Digital Distribution

425 Million Connected Devices – So, What Are Consumers Doing With Them?

We can now watch HBOGO on three TVs in our home. Last night we saw they started promoting its availability on Airplay. As an early adopter, my first thought was, I want an Apple TV too. But there is no need as all three TVs we own provide HBOGO, and each through a different type of device. Apple TV does, however, offer screen mirroring which none of the other connected devices in our homeprovide, and that is bound to be useful – right?

While Super Bowl XLVII Sunday Night Lights Go Out (For A Bit), Select Second-Screen (Smartphone) Activities Light-Up

While I never thought I’d ask “why did the power go out?” during the Super Bowl, I did have a number of questions going into the Big Game, including: 1) Which Brother Harbaugh will prevail? 2) Will Beyoncé redeem herself from “lip-sync-gate”? 3) How will consumers’ use their smartphones (companion, second screen) on Game Day? Well: These were the big questions that I was pondering, and for which I now have answers for: 1) John Harbaugh, 2) Yes, and 3) smartphone users kept their eyes affixed to the Big Screen, and periodically leveraged the immediacy and utility of their second-screens.

Another Home Screen For Your Home

The TV is evolving into a more complex device and the basic concept on turning it on and immediately watching TV could become a thing of the past. As consumers we’ve become conditioned to expect home screens on computers, tablets, and smartphones; TVs now look set to follow suit. New TVs from Samsung and Panasonic launch to a home screen rather than the last TV channel you were watching. This home, or launch page, is a customized experience based on recognition from a built-in camera.

Internet Connected TVs Are Used To Watch TV, And That’s About All

The Internet connected HDTV screen has so far failed to break beyond the bounds of its TV-centric heritage, with little use for the big screen beyond the obligatory video services. But the connection is being used to provide access to a far wider variety of alternative sources for video content. The latest NPD Connected Intelligence Application & Convergence report highlights that nearly six out of ten consumers who own a connected HDTV are accessing Over-the-Top (OTT) video services through the device.

Newsweek Moves to Digital Only

In 1995, The Economist Newspaper Group launched the world’s first web-only publication, a hi-tech-focused magazine called d.Comm. The magazine basked in a short-term glow of being an innovator, blazing a futuristic trail, and then closed its doors due to a lack of advertising. 17 years later, does Newsweek’s bold step to go all-digital stand any better chance of success?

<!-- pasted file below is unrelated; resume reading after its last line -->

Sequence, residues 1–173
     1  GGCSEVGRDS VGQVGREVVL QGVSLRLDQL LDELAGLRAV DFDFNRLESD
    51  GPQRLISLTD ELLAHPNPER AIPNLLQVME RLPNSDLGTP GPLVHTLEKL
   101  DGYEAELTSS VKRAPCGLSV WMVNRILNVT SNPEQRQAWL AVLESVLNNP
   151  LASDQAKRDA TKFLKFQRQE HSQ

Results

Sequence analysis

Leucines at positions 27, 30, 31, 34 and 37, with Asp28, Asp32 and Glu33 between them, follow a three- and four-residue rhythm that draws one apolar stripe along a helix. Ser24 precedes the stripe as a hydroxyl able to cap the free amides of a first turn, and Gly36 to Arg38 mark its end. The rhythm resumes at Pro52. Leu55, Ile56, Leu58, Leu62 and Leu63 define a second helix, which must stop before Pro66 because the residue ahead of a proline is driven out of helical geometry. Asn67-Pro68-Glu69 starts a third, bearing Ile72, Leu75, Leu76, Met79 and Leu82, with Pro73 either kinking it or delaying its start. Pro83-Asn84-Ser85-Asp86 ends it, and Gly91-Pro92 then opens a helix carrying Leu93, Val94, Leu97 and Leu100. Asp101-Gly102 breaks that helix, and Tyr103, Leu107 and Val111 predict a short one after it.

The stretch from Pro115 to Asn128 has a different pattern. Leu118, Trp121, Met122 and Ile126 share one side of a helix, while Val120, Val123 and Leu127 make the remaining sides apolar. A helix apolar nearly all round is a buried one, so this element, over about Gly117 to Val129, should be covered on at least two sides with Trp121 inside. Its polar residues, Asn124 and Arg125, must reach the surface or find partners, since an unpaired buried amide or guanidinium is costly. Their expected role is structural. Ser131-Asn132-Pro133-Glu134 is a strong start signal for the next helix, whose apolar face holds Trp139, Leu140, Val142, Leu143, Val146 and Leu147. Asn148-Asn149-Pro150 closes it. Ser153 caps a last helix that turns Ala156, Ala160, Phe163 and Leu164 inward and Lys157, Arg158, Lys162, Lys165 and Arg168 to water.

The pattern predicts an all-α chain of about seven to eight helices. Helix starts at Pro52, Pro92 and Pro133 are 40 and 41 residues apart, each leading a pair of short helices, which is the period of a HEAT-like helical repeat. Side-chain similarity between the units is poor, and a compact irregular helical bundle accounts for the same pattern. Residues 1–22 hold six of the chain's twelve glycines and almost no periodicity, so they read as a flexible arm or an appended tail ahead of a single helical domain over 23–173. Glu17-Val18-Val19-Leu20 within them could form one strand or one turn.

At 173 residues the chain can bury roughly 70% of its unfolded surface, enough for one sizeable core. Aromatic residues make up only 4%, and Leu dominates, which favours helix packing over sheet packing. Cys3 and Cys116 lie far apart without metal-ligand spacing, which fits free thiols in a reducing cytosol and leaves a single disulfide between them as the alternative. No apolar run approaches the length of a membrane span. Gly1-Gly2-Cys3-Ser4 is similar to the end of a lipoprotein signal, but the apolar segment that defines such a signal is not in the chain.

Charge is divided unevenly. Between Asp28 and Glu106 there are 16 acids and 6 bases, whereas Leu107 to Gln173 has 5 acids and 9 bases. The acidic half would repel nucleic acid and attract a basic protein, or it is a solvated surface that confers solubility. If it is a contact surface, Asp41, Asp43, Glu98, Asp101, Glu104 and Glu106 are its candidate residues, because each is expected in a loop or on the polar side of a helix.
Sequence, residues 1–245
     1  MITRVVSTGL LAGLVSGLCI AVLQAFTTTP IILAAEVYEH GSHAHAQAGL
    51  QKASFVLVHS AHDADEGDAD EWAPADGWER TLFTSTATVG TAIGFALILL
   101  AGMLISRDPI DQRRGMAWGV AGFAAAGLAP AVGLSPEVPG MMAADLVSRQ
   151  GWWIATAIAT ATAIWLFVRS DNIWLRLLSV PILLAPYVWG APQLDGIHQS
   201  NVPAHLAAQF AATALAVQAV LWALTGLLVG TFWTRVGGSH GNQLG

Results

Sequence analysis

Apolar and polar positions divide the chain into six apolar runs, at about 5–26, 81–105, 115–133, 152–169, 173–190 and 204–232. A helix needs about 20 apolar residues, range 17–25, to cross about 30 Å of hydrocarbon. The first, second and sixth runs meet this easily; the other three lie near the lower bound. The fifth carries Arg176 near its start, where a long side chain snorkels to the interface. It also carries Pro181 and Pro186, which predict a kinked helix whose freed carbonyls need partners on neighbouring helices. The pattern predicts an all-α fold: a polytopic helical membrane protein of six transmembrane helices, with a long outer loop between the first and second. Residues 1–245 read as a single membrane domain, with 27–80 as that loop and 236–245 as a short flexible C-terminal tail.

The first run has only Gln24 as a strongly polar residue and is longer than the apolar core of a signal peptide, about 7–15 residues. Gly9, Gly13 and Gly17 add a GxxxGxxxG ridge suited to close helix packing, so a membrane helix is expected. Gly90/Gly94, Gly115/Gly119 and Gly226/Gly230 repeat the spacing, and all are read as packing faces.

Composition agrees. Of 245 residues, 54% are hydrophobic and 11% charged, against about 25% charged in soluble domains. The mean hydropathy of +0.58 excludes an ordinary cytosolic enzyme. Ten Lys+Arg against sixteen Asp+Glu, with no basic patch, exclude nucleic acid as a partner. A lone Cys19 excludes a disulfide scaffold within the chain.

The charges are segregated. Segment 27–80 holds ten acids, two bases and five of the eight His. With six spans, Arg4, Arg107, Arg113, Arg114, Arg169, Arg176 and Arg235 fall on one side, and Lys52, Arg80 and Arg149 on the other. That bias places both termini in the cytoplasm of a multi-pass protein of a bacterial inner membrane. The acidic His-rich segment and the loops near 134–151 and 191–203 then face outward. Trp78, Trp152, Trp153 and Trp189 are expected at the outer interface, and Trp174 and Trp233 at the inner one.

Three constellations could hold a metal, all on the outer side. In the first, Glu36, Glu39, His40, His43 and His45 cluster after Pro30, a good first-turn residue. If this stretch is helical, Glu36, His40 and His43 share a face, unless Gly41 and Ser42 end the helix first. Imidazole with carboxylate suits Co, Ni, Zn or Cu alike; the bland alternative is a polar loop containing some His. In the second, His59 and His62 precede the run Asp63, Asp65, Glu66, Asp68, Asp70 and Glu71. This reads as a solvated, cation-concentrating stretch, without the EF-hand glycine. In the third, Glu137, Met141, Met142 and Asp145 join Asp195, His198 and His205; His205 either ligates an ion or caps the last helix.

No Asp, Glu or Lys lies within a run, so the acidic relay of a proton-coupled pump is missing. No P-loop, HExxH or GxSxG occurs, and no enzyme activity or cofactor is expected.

Google Fiber: Could It Be More Disruptive?

Google Fiber officially debuted last week in the Kansas City area after a long testing phase as the Internet giant has begun taking pre-registrations. In essence, Google is taking telco and cable companies head on with a value proposition to build a super fast (allegedly 100 times faster than any other U.S. ISP’s average broadband speeds) fiber infrastructure in return for a $300 installation fee, which can be paid at once or in $25 installments, per household. Google then complements the fiber solution with three service package options.

Cords Are For Cutting

The success of the mobile phone market over the past 10 to 15 years came at the clear expense of the landline market. The insipient creep of cord-cutting behavior coupled with the younger generation that never saw the point of having a cord, has resulted in lower landline numbers and pretty much a universal agreement that the landline will fade, if not to obscurity then at least to a dusty corner of the living room.

Dish Overcomes The Broadband Stumbling Block—To A Point At CES 2012

In announcing a new name, new direction, and new marketing strategy that puts more emphasis on services and content and less on low price, Dish did a remarkably good job of obscuring a salient point; the digital divide still exists, and because it does a less-than-enthralling broadband offer looks like it should have legs.

Dish used CES to promote a whole-home Kangaroo-themed client-server set-top combo (Hopper and its sidekick Joey) with tuners that can handle 6 HD recordings at once and a hard drive deep enough to swallow 2,000 hours of HD programming in a single gulp.

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